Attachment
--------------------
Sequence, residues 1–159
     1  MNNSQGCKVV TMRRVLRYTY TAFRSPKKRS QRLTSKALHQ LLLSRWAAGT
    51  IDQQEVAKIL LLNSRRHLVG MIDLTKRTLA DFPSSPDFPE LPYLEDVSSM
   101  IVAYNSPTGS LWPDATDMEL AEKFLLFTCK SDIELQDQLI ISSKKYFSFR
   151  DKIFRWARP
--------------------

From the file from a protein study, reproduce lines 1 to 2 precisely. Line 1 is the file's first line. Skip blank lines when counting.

Sequence, residues 1–159
     1  MNNSQGCKVV TMRRVLRYTY TAFRSPKKRS QRLTSKALHQ LLLSRWAAGT